Presentation on theme: "“the well from hell”. Location map with landfall and up-to-date status map up-to-date status map Times-Picayune, 22 May BP Miss Canyon 252 #1."— Presentation transcript:
“the well from hell”
Location map with landfall and up-to-date status map up-to-date status map Times-Picayune, 22 May BP Miss Canyon 252 #1
Deepwater Horizon: State of the art “Semi-Submersible” Mobile Offshore Drilling Unit Built in Korea, completed 2001 Cost $560 Million Contracted to BP since 2002, $500k/day Designed for 8000 ft water depth, 30000 ft drill depth When operating, rig is partially submerged to keep it stable. Equipped with real-time monitoring (satellite link to BP’s Houston office)
MC 252: Normal well operations to complete a successful well Drilled to 18000 ft total depth, to be completed as a productive oil/gas well Production casing set and cemented 20 hours prior to explosion Preparing for temporary abandonment Bottom hole packer, production tubing and perforations to be installed at a later date (the wellbore should not permit fluid entry at this time).
MC 252: Normal well operations to complete a successful well Under normal operations, neither oil from depth or surface “shallow gas” can enter the wellbore in this condition Main question: What part of the wellbore integrity was breached?
April 20: Blowout and fire Explosion 9:59pm CDT 126 on board: 79 TransOcean employees, 6 BP employees, 41 contractors 115 survivors; 9 man drilling crew (TransOcean) and 2 mud engineers (Smith Intl) lost
Oil slick visible prior to rig collapse (April 21) possibly rig fuel; could be leaking crude oil
Second day on fire: Rig about to capsize
Video of the oil leaks Multiple leak points: http://www.youtube.com/watch?v=RngYv4SYMCY http://www.youtube.com/watch?v=RngYv4SYMCY Comparison of before and after riser insertion tube: http://www.youtube.com/watch?v=hyxjGoBn-YM http://www.youtube.com/watch?v=hyxjGoBn-YM
What happened and why? Areas of concern and who would bear responsibility Routine BOP test followup (BP as operator, TransOcean as drilling contractor, MMS exemptions) Risky(?) well plan (BP) Integrity of casing cement (Halliburton) Wellhead seal integrity (TransOcean and DrilQuip (supplier)) Post-cementing test procedure and time allotted for cement to cure (BP) Hurried preparation for temporary abandonment (BP) Continued
What happened and why? Areas of concern and who would responsibility Prudent monitoring of wellbore condition during prep for temporary abandonment (TransOcean) should trump any hurry Blowout preventer (BOP) activation (TransOcean) and mechanical failure (Cameron)
Plenty of blame to go around This disaster was due to a series of errors and mistakes that compounded one another. Had any one of these preventable problems been avoided, this disaster might have been averted. Details and analysis of events follow. Analysis taken from opinions at www.drillingahead.com, a social network for oil and gas drillers and engineers. Those pages are highlighted in light blue. www.drillingahead.com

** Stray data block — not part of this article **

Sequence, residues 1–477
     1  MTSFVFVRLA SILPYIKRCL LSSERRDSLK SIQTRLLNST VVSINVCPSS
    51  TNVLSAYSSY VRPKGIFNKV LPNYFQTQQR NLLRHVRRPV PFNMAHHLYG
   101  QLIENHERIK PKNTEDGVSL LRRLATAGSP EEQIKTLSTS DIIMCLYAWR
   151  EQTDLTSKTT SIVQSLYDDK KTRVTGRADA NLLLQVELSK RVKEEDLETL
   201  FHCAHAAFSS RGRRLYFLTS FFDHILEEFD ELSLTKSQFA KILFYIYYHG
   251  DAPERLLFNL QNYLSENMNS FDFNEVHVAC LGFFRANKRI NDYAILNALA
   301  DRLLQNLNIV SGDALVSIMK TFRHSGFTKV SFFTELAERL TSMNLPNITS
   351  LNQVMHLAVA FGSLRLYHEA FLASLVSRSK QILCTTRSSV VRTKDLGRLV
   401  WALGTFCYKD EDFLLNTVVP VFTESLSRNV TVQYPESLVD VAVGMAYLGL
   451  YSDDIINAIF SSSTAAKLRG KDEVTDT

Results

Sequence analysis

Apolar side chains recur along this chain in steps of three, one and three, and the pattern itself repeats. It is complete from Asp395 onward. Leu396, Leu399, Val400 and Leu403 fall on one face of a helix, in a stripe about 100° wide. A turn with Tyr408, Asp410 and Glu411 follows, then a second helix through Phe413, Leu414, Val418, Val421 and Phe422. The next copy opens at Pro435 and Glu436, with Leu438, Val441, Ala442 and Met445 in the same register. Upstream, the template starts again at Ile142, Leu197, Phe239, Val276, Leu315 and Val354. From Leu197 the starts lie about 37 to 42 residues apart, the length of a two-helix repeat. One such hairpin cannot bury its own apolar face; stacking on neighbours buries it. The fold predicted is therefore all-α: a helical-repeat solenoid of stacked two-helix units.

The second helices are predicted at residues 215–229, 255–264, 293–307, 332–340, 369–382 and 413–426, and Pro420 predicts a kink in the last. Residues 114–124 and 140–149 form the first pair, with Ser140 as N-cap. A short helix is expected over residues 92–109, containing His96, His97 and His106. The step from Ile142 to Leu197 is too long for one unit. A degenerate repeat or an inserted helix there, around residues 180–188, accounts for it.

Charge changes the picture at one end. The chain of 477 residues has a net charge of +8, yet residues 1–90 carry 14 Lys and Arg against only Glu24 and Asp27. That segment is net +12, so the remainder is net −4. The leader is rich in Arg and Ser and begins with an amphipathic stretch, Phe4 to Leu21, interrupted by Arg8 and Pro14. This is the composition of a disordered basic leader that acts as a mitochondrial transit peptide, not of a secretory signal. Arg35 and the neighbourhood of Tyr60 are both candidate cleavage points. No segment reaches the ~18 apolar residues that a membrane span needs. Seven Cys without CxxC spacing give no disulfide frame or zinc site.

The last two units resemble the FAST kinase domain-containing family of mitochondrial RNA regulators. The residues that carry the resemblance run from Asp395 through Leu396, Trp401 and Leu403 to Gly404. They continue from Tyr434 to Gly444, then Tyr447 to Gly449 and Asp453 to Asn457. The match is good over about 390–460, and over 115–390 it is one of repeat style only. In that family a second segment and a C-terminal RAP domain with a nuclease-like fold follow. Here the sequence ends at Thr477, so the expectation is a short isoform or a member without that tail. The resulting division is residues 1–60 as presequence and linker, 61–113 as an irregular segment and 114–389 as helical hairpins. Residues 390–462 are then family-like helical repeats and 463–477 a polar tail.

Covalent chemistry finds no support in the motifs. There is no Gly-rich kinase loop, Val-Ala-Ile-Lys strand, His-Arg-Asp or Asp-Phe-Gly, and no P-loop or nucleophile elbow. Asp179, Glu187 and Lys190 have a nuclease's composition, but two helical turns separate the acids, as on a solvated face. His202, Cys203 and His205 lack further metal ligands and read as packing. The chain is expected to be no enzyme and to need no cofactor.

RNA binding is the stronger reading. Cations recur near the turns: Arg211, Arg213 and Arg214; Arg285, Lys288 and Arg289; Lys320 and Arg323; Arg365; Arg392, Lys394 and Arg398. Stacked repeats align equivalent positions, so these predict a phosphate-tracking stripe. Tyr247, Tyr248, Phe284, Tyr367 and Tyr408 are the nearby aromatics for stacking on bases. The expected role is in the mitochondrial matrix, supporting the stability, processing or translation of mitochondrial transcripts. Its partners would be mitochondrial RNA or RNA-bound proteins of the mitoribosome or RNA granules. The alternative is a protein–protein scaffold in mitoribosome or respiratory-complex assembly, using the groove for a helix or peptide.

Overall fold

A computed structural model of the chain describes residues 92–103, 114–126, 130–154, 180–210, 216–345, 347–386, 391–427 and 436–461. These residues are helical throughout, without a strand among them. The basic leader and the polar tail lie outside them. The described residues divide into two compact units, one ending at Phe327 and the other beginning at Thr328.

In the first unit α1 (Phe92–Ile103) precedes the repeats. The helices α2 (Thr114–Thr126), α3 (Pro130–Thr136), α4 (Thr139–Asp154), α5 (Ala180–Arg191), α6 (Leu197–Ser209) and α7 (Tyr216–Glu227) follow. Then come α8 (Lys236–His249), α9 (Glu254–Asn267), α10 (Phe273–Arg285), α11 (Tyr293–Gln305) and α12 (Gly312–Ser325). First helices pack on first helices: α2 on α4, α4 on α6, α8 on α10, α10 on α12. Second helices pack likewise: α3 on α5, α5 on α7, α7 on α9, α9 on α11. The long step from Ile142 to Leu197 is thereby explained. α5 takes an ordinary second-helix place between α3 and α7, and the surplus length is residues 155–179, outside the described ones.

Oil field terminology Bbl – barrel of oil, 42 US gallons BOP – blowout preventer Drilling mud – heavy fluid used to control pressure while drilling and completing Casing – large diameter pipe cemented into well at various depths for safety Drillpipe – smaller pipe that connects drilling rig to drilling bit, removed when well is completed
Oil field terminology Riser – used in offshore wells to protect drillpipe from seawater BHP – bottom hole pressure (measured in mud weight equivalent (pounds per gallon) or pounds per square inch (psi)
Connecting drill rig to the subsea wellhead: Riser/BOP stack on sea floor Subsea blowout preventer (BOP) Riser: flexible 22” OD pipe; drillpipe and wellbore fluids contained within.
Riser is conduit for drillpipe into BOP on seafloor Volume between drillpipe and riser or between casing and wellbore is known as an “annulus” Specific part of BOP closes off the annulus; other parts clamp down and “shut in” the drillpipe
Analysis (1): Did the riser fail when the rig sunk? “The riser did not burst or break. When the rig went down, it took the riser with it. From the schematics I've seen, it pretty much sticks up from the BOP about 1,500', then is kinked downward to the gulf floor, and a good portion of it lies on or beneath the seabed.“ – independent analysis at www.drillingahead.com
“One tough well”: Four drilling liners, 9 strings of pipe indicate pressure problems while drilling --Times-Picayune, 19 May (from nola.com)
Analysis (2): BP’s well plan “BP's well design had a fatal flaw (ie. long string production casing instead of liner and tieback). This casing design depends upon a 100% effective cement job in order to keep the production out of the annulus behind the production casing right up to the wellhead.” -- drillingahead.com
Bottom hole casing string detail
TransOcean CEO testifies to Senate committee, 11 May "At this point, drilling mud was no longer being used as a means of reservoir pressure containment; the cement and the casing were the barriers controlling pressure from the reservoir," Newman said. "Indeed, at the time of the explosion, the rig crew, at the direction of the operator, was in the process of displacing drilling mud and replacing it with seawater."
Known bottom hole pressure problems Drilling mud: 14.5 pounds per gallon (ppg), at total depth equates to 13000 psi at the bottom of the well Prior to abandonment, cemented casing controls this pressure; drilling mud is displaced from drillpipe with seawater via routine pumping operation. Seawater at 8.3 ppg alone is incapable of withstanding that BHP. Any cement or casing failures at this time can cause well to start flowing.